Just about everyone credits Ukraine’s persistent activists for almost every reform win since 2014. But four years after the Maidan, the public demand to put corrupt officials behind bars remains unanswered. Does that mean that civil society and the energy of the Maidan have reached their limits? It means just the opposite, actually. Resistance to anticorruption activity has increased as reforms needed more public engagement to proceed.
Ukraine’s public engagement has taken various forms. Early on, experts from independent think tanks helped ministers develop reform policies. Because of Russia’s aggression in Crimea and the Donbas, a number of volunteer organizations helped thousands resettle within the country and supply Ukrainian fighters with much-needed aid that the government couldn’t supply at the time.
Thanks to the pressure exerted by the European Union, the United States, and activists, Ukraine made significant institutional advances to fight corruption. The establishment of the National Anticorruption Bureau of Ukraine is well known, but it’s worth mentioning two less visible wins. Both the adoption of the e-declaration system that makes the incomes and assets of state and local officials transparent and the public e-procurement system ProZorro were developed with the direct assistance of anticorruption activists. But they also contributed to the political establishment’s backlash against civil society.
The political elites also took advantage of discord within civil society. There’s a polarizing debate over how the reform process is proceeding among activists. The radical wing is unsatisfied by the piecemeal social changes; they charge that the main deficiencies of the previous regime which involve hand-in-glove relations between oligarchs and top politicians for mutual benefit are still in place and often highlighted by investigative journalists. This group reduces the complex life of post-Maidan development to negative features and are ironically tagged on social networks as #zrada (betrayal). The other camp appeals to a kind “patriotic” position insisting on the need to avoid any criticism toward the authorities during a time of war. Their ironic hashtag is #peremoga (victory).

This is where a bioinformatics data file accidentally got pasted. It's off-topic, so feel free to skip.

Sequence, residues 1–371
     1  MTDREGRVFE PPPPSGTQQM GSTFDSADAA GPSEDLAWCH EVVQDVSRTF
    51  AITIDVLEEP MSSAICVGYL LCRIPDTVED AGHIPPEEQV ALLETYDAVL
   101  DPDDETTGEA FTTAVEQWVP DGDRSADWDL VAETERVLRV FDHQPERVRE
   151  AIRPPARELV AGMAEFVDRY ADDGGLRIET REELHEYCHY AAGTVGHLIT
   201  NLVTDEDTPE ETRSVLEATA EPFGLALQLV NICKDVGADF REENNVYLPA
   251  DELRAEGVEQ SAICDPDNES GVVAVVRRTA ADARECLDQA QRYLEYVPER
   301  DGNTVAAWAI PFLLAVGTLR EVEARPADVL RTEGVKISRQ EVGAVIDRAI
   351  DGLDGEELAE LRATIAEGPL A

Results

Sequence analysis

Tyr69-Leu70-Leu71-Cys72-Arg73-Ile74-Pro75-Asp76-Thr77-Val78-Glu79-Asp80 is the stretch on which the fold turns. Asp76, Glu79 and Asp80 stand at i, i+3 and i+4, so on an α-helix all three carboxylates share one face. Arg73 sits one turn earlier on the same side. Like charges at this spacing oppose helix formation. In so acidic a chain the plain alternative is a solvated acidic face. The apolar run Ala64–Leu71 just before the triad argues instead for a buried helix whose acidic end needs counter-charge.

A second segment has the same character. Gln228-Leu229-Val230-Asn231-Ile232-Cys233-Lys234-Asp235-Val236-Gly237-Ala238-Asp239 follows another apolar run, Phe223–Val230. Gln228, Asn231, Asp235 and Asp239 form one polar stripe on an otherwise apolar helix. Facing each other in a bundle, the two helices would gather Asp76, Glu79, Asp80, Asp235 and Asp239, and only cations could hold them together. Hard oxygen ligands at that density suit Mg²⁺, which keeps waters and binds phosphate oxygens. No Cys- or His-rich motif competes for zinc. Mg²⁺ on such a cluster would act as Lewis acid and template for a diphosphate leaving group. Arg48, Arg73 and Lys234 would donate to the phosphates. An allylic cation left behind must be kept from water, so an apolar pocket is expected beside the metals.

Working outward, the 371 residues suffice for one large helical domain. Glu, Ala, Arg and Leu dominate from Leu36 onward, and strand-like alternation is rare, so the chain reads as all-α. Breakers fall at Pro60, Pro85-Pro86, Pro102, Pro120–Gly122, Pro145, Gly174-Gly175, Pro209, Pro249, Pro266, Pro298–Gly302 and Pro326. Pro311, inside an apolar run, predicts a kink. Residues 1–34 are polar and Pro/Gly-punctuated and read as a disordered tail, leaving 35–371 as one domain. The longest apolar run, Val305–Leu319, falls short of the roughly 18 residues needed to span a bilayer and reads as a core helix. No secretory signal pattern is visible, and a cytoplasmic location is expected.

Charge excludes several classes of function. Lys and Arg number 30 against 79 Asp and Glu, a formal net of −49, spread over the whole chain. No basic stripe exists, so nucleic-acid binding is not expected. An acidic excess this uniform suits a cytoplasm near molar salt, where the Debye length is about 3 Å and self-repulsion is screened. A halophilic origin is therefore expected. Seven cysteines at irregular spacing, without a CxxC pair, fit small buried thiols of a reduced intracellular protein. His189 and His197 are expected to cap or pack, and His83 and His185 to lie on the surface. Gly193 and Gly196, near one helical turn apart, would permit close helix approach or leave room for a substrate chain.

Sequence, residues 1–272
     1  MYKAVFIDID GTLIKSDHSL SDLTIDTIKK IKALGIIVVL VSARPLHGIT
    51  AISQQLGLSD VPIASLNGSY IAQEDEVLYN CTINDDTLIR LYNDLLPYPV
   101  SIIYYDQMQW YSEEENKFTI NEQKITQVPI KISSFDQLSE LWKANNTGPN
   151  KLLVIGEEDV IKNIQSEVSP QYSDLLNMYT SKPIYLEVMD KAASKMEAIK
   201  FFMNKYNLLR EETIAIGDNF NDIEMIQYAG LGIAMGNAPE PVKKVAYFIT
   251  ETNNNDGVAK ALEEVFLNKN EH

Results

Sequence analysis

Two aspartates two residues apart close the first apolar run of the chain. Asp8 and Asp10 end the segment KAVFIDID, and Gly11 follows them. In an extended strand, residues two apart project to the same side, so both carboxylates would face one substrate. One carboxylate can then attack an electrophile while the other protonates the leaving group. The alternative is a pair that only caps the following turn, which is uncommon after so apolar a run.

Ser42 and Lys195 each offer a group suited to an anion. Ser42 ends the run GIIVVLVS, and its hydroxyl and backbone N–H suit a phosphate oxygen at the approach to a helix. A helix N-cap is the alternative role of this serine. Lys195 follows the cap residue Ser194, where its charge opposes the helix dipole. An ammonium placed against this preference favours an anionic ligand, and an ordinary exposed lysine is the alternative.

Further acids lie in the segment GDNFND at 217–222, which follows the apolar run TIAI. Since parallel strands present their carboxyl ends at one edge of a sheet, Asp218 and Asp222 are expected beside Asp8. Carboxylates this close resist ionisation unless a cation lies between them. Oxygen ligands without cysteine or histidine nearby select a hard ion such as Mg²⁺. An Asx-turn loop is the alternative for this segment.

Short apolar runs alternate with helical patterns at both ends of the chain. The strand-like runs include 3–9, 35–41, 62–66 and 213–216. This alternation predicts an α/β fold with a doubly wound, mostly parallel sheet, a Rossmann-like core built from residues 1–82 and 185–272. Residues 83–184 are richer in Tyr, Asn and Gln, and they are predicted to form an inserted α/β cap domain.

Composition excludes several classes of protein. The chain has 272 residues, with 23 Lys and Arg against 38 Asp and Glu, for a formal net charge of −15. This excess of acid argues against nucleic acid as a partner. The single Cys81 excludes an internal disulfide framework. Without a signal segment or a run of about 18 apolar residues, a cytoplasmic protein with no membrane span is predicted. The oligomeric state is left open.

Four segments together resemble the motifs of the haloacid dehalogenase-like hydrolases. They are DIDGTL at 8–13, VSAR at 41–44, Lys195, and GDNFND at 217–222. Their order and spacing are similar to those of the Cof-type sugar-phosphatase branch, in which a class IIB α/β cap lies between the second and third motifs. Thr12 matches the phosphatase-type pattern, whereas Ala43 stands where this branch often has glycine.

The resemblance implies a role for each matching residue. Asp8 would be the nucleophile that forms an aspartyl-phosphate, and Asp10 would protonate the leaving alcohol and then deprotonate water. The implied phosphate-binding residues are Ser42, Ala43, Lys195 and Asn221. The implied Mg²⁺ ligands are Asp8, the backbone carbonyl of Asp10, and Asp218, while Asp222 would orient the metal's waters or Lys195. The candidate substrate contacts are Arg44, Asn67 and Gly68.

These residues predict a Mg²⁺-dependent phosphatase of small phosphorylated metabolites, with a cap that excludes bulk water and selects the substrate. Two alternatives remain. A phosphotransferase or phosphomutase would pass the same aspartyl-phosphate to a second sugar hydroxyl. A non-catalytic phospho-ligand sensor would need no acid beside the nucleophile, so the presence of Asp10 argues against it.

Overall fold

This internal discord helped create the conditions to discredit civic activism. The first visible sign was an attack on Sergey Leshchenko, a member of parliament and an outstanding former investigative journalist. When it emerged that he was buying an expensive apartment in downtown Kyiv and his explanation for the funds wasn’t totally kosher, Leshchenko came under fire from both sides. Many activists demanded “complete fairness” from their former colleague and could not excuse his behavior. From the other side, the oligarch-owned national media launched a propaganda campaign that used extreme criticism of NGO workers as a pretext to discredit anticorruption activists and their work. Starting in the spring of 2016, the campaign coincided with the government crisis caused by a disclosure that influential politicians were putting intense pressure on the minister of economic development and trade to hire insiders who could continue the same old schemes within the ministry. This smear campaign hasn’t stopped; indeed a number of documentaries question the virtue of anticorruption activists. This campaign is useful for both the government and oligarchs. It attempts to convince citizens that anticorruption activists are nothing more than “grant-eaters,” who are little more than paid foreign agents trying to establish external control over the country.